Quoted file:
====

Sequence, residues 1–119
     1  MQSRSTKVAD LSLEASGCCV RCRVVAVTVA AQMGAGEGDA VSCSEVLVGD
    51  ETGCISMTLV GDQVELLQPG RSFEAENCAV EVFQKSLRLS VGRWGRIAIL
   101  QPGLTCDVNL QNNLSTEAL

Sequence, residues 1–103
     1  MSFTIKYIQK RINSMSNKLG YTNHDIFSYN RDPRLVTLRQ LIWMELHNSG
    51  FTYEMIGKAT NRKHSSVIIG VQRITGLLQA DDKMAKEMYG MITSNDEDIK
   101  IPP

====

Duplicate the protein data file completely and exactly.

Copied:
Sequence, residues 1–119
     1  MQSRSTKVAD LSLEASGCCV RCRVVAVTVA AQMGAGEGDA VSCSEVLVGD
    51  ETGCISMTLV GDQVELLQPG RSFEAENCAV EVFQKSLRLS VGRWGRIAIL
   101  QPGLTCDVNL QNNLSTEAL

Sequence, residues 1–103
     1  MSFTIKYIQK RINSMSNKLG YTNHDIFSYN RDPRLVTLRQ LIWMELHNSG
    51  FTYEMIGKAT NRKHSSVIIG VQRITGLLQA DDKMAKEMYG MITSNDEDIK
   101  IPP